Rita Shreffler

My son and my daughter were born in 1992 and 1993 respectively and both were in excellent health, meeting all developmental milestones on time or ahead of schedule for the first year and a half of life. Both were bright and happy babies who charmed everyone around them with their smiling faces and sunny dispositions. Around the age of 18 months, my son began to undergo drastic personality changes. He would scream and cry for no apparent reason and rarely slept at night or any other time.

We took him to specialist after specialist trying to determine what could possibly have happened to bring about such radical personality changes. After more than a year of professional consultations and evaluations, we still had no clear answers, and then we began to observe similar changes manifesting in our daughter. She started down the same road of numerous evaluations that her older brother had undergone with inconclusive results.

In a story that has become all too familiar to families around the globe, both of my children ultimately ended up with an autism diagnosis. I was being told at the time that autism is a genetic condition which I found perplexing as there was no history of anything remotely resembling what both of my children were experiencing on any branch of the family tree.

Trying to find answers for my kids, I began researching every health topic that I thought might be relevant including lead poisoning. I contacted a leading medical authority on lead poisoning in children who told me that much of what I was describing to him about my kids was consistent with exposure to this neurotoxin. Several tests for environmental lead exposures in and around our home came out clean. However, shortly after this, I came across a paper called Autism: A Novel Form of Mercury Poisoning by Sallie Bernard, Albert Enyati, Lyn Redwood, Heidi Roger and Teresa Binstock that forever altered the direction our family’s life would take.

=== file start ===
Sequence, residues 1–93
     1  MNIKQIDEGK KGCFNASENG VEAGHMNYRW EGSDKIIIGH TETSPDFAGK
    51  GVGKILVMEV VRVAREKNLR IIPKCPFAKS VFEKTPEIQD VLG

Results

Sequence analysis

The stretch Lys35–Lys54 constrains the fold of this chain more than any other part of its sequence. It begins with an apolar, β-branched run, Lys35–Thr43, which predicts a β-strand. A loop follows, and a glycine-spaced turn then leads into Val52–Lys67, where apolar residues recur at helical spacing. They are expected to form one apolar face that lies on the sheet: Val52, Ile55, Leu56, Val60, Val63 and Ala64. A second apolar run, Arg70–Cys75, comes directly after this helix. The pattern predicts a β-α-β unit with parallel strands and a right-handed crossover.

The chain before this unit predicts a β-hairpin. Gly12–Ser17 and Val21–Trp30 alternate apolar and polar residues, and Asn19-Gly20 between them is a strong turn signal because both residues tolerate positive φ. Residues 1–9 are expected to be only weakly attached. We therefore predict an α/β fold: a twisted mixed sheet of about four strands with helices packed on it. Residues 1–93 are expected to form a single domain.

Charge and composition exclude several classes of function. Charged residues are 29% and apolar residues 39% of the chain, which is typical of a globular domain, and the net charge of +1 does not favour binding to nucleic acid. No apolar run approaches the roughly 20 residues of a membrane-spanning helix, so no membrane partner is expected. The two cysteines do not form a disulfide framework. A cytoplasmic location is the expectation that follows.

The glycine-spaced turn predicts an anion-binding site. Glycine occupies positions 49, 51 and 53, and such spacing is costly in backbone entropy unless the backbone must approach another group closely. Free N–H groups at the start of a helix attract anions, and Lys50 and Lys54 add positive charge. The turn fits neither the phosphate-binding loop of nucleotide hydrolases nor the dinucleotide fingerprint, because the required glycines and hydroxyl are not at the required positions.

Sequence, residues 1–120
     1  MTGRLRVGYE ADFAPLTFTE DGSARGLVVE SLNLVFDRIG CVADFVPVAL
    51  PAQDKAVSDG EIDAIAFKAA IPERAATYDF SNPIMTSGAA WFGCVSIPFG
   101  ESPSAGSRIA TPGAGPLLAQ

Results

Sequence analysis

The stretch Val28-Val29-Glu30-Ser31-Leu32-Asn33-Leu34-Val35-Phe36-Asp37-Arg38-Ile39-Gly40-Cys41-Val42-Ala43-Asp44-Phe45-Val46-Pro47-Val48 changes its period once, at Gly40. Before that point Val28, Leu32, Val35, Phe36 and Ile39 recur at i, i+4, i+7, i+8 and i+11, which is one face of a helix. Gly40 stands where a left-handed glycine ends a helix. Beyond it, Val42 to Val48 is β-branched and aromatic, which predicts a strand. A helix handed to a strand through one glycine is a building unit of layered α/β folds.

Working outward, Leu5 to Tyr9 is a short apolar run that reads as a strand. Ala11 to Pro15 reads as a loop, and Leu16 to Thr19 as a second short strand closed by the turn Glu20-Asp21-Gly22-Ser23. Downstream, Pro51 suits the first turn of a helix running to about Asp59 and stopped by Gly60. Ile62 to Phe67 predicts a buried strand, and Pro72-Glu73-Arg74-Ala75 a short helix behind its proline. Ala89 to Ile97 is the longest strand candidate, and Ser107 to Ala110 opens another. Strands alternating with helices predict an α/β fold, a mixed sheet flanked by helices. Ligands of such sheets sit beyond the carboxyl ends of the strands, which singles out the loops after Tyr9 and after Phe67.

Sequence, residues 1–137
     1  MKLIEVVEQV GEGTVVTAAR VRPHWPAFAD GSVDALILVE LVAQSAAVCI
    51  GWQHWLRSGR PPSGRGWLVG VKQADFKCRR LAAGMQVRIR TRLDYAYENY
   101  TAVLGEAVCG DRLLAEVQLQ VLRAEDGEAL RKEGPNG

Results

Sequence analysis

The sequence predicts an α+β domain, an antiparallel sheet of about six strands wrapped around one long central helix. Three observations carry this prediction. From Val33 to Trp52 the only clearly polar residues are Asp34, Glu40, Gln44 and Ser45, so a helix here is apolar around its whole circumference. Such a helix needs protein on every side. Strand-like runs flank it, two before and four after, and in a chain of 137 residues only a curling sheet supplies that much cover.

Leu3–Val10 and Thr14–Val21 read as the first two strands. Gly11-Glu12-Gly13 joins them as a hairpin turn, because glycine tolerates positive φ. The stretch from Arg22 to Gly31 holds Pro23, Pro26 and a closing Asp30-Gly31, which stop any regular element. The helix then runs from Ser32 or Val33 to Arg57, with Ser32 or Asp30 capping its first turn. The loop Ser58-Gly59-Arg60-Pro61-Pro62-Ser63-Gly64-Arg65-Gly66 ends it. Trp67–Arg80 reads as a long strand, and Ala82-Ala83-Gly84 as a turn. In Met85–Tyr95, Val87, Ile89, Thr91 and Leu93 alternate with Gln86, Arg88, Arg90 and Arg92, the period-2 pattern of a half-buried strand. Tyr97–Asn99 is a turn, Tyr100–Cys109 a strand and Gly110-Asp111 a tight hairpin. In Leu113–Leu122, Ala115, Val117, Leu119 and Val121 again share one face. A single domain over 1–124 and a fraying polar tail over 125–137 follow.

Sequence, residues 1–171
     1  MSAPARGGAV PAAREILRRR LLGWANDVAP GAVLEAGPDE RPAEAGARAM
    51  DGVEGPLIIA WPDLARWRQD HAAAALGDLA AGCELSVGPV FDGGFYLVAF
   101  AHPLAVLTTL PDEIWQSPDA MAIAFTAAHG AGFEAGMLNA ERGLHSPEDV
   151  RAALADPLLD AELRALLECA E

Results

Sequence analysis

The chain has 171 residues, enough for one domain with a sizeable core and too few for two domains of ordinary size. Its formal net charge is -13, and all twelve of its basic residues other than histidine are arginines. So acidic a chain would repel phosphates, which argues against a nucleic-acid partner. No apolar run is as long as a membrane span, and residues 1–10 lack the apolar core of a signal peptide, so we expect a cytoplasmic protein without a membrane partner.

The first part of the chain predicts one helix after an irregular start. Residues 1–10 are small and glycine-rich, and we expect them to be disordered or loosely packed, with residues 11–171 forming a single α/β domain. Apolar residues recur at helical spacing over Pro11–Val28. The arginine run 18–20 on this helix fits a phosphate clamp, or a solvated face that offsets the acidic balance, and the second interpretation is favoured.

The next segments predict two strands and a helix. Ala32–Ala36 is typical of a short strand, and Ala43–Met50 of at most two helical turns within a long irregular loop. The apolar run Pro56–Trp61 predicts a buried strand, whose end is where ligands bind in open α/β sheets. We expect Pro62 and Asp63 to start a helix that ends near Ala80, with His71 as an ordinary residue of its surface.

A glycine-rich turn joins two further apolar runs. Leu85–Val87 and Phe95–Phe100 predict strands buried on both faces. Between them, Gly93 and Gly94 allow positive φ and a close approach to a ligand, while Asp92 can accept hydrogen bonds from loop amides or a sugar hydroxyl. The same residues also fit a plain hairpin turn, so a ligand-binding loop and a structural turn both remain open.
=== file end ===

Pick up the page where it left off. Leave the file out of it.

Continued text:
It’s an understatement to say that I was shocked to learn that a substance as highly toxic as mercury—as I remembered well from high school chemistry—was in many of the vaccines my kids received.

In the intervening years, I came to realize that mercury is not the only toxin in vaccines, and that the vaccine program itself is needlessly aggressive, in place to maximize pharmaceutical profits rather than optimize the health of our nation’s children. I can’t unlearn what I know, and I can’t imagine keeping this information to myself. The public deserves to know the truth about what is likely the largest medical scandal in the history of our country. The only way we can protect future generations is to speak the truth about today’s vaccine injured children, as long and as loudly as we have to.